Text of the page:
Weekend Notes: Heat, Containers, and a Stone Path Update


Thanks for the rain, but could you turn up the AC? Friday we finally got a decent amount of rain, and I’m giving the soaker hoses a rest. However, it’s brutally hot and humid, and temperatures are supposed to stay in the 90s all week. I try to take a lot of breaks and drink a lot of water while gardening, and I’ll try to do more earlier in the morning and later in the day.

Wild Bergamot (Monarda fistulosa) with Monarda ‘Raspberry Wine in background.

 Containers Full of Summer Annuals. So I’ve chosen the summer annuals, and now it’s just a question of watering and watching how they do. The containers in the front are mostly hot colors: red, orange, and yellow; with some blue and white for counterpoint. In the shadier back, the colors are cooler: mostly shades of white and blue. Most of the pansies ended up on the compost pile, but I’ve kept some of them and will cut them back later in the summer.

Containers newly planted with Summer annuals.
  • Vertical plants: Tropical Milkweed (Asclepias currasavica), Star Flower (Penta lanceolata), Zonal Geranium (Pelargonium hortorum), Zinnias (Zinnia ‘Zahara’), Canna Lilies. Actually, we’ll see how vertical the pentas and geranium end up. They’re really more mounding than vertical, but they should be taller than all their neighbors.
  • Filler plants: Red and Orange Cosmos (Cosmos sulphureus), Lantana, Petunias, Million Bells (Calibrachoa) , Ageratum (Ageratum hustonianum).
  • Trailing plants: Sweet Alyssum (Lobularia maritima) , Blue Lobelia (Lobelia erinus), Bacopa (Sutera cordata), Ivy Geranium (Pelargonium peltatum). The Sweet Alyssum was planted in mid-Spring. Though it tends to stop blooming in very hot weather, I’m going to keep it through the Summer and cut it back in August. I love the scent, and when you crowd it against the edge of the container it spills nicely over the side. It will rebloom in the Fall.

Stone Path Update. Since resetting the stone path, I’ve been trying to establish plants to take over the spaces between the stepping stones. This has been made more challenging by the intense heat, which is magnified by the stones. Here’s a report card for the plants I’ve tried.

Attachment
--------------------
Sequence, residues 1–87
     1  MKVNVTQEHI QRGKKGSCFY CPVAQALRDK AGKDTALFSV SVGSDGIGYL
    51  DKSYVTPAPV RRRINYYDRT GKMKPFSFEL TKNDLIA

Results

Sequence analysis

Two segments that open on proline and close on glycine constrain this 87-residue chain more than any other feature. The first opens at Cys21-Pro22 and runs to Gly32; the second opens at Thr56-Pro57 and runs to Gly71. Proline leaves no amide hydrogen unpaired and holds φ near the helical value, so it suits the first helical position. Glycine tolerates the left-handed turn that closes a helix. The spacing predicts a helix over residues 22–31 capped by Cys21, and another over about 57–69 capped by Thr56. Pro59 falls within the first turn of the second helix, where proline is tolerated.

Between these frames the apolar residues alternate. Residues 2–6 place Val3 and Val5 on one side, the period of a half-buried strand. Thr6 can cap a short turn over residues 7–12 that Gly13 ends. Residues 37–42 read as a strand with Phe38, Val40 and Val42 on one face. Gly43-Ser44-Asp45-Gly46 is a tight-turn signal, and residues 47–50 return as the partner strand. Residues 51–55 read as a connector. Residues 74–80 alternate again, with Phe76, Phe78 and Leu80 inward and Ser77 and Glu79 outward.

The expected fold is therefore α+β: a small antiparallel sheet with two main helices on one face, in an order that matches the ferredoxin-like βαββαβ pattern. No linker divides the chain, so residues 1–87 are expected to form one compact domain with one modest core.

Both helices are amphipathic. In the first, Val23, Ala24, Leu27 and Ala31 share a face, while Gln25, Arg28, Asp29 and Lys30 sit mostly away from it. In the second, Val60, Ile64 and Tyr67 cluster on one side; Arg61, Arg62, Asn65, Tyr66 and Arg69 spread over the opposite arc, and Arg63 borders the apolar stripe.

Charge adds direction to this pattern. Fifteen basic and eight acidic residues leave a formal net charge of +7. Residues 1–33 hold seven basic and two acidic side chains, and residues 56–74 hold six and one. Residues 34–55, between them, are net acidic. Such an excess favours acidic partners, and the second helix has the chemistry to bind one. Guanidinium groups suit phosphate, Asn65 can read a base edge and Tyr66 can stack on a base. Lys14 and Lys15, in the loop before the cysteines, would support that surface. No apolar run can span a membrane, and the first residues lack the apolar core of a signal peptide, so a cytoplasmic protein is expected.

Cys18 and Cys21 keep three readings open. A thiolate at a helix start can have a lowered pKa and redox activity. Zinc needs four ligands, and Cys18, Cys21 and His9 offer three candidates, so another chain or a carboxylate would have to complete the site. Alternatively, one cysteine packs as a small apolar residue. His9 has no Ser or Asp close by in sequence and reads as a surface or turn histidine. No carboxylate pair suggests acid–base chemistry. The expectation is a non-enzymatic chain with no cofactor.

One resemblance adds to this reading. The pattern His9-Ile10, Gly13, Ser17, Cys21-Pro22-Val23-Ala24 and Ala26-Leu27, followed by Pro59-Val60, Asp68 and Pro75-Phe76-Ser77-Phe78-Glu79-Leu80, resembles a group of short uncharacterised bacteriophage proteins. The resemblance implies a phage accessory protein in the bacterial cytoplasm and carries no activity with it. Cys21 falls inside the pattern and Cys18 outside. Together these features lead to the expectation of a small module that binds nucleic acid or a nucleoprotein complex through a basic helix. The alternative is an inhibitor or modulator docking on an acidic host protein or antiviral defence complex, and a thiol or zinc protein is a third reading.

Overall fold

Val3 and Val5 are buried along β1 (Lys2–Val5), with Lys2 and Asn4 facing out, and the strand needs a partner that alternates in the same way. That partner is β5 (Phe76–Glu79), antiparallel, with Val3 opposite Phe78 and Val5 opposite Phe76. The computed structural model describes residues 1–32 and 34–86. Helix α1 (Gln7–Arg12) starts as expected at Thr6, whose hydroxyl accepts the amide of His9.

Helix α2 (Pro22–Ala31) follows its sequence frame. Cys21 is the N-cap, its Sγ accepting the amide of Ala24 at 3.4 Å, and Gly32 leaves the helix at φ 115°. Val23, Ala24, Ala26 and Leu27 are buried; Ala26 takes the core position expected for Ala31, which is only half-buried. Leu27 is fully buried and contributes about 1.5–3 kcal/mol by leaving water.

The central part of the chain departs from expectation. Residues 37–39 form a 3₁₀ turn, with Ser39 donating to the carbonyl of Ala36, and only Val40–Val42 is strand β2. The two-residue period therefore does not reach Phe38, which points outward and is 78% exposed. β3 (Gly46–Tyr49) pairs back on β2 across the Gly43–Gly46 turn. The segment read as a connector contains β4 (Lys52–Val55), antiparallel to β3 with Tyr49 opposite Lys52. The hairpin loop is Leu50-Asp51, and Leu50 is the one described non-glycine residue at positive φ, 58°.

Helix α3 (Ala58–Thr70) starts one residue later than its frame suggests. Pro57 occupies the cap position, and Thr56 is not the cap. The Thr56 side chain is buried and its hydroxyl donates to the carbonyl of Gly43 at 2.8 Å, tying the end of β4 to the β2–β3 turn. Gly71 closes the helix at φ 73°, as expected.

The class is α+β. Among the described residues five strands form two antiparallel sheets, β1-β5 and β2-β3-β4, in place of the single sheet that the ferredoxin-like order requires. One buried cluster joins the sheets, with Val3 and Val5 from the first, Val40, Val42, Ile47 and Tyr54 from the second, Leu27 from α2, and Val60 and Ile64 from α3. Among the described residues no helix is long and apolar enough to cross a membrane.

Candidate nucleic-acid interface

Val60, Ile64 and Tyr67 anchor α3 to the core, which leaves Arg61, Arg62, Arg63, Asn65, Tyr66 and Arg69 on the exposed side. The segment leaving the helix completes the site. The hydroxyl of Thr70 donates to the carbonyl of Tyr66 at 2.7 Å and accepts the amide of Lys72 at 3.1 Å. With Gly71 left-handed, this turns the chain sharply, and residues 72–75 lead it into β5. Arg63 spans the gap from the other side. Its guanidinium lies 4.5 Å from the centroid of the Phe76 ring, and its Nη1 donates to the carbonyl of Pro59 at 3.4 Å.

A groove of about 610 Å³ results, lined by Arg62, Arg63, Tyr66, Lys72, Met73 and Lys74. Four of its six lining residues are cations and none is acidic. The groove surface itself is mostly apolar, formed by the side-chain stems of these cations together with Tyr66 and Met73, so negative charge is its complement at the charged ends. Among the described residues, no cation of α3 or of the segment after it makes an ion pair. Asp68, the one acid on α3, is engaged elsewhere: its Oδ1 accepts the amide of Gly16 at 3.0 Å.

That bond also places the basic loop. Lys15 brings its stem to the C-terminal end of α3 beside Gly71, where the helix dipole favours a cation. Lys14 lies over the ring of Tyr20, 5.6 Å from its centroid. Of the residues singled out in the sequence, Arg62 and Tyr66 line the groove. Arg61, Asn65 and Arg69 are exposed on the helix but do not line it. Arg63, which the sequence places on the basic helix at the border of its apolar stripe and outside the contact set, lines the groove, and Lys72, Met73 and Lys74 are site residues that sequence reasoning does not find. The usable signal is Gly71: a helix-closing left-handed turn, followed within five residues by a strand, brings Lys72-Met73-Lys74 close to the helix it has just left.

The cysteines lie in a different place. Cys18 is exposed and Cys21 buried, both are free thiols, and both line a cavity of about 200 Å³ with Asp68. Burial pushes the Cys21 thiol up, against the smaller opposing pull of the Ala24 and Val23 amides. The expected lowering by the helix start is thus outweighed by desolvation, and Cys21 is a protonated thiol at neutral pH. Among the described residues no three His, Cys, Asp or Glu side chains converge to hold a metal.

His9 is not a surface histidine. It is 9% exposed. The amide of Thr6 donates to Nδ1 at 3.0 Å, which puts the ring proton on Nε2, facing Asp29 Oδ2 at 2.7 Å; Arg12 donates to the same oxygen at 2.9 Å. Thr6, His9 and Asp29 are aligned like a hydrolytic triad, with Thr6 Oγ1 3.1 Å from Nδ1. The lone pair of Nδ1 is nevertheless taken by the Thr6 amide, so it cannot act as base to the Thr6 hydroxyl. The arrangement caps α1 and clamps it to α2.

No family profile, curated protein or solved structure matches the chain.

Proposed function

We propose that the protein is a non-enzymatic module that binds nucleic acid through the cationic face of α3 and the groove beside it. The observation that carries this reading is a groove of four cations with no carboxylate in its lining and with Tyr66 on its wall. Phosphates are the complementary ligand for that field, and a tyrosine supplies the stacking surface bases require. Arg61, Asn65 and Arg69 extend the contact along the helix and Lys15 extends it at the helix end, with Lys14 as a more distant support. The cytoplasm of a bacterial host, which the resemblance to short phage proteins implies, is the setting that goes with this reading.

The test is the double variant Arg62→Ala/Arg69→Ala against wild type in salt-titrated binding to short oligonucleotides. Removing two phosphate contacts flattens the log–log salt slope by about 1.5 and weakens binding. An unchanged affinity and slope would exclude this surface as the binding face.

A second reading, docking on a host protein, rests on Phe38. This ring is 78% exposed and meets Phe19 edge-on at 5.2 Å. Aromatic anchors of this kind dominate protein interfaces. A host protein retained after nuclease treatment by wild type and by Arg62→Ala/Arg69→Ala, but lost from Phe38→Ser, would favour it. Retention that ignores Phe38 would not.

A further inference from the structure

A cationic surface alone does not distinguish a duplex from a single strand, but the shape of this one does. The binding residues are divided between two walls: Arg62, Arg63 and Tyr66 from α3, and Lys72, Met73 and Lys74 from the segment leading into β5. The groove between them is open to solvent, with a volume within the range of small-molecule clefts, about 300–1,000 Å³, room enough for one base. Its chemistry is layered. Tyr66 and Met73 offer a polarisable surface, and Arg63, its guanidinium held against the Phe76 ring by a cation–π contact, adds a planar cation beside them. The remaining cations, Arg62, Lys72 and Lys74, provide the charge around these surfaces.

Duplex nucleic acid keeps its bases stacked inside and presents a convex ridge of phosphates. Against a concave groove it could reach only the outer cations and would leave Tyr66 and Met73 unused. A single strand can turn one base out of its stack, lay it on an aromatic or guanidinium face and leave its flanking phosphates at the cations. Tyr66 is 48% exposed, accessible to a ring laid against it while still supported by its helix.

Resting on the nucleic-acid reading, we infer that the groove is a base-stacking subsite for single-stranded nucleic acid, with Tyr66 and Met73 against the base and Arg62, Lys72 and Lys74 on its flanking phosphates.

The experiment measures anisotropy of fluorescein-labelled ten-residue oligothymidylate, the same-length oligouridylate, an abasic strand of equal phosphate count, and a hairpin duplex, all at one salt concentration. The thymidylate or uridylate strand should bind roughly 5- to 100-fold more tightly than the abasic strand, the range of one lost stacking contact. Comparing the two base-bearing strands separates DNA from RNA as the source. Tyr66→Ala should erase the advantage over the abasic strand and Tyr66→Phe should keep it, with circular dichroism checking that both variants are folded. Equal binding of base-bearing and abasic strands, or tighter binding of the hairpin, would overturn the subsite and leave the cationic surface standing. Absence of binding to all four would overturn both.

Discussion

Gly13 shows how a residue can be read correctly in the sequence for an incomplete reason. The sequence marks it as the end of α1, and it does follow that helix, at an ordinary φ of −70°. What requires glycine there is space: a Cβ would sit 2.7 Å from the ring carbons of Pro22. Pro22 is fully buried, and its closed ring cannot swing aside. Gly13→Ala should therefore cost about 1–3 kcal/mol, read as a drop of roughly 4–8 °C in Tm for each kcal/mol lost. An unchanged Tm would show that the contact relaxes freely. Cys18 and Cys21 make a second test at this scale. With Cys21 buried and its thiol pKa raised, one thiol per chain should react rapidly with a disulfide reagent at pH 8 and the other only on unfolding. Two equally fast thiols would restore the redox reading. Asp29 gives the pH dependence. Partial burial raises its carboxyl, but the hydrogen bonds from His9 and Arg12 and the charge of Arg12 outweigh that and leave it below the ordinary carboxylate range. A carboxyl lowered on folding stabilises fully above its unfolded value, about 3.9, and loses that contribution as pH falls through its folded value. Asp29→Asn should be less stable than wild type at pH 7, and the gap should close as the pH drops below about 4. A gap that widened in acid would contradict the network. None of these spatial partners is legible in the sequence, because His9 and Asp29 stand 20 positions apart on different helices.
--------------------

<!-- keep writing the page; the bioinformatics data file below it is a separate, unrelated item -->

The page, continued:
Stone path with thyme.
  • Nutmeg Thyme (Thymus praecox). Grade: D-.  I found an eight pack of this thyme at Home Depot for about $10. Such a deal! Planted in the sunny part of the path, only two remain alive. The others were quickly fried by the heat.
  • Garden Thyme (Thymus vulgaris). Grade: A. I replaced most of the dead Nutmeg Thyme with Garden Thyme. More expensive in individual pots, but they shrugged off the heat. While this thyme grows taller than ideal for planting between flagstones, I find I can cut it with my push mower.
Stepping stones with Schotch Moss and shadows.
  • Scotch Moss (Sagina subulata ‘Aurea’). Grade: A. This plant has settled in without any fatalities. It already seems to be spreading and even blooming a little. 
  • Irish Moss (Sagina subulata ‘Irish Moss’). Grade: A-. This has been slightly less successful than the Scotch Moss, one of the plants looks almost dead. Also seems more mounded, less spreading, and not quite as low-growing as the Scotch Moss.

    Daylily ‘Eye-yi-yi’ with butterflyweed.

8 Comments on “Weekend Notes: Heat, Containers, and a Stone Path Update”

  1. Love the containers – you definitely have an eye for color. My pots rarely turn out how I envision them – this year, the colors were okay but not the heights. At least with gardening, there is always opportunity for a do-over. Thanks for the report on flagstone plantings, too – useful comparison.

  2. Like Karen, I’m enamored of the daylily butterflyweed combination.
    I hope you’re managing the heat; looking at the weather map tonight, I was very grateful to be in one of the two cool spots (the 2 northern corners of the country).

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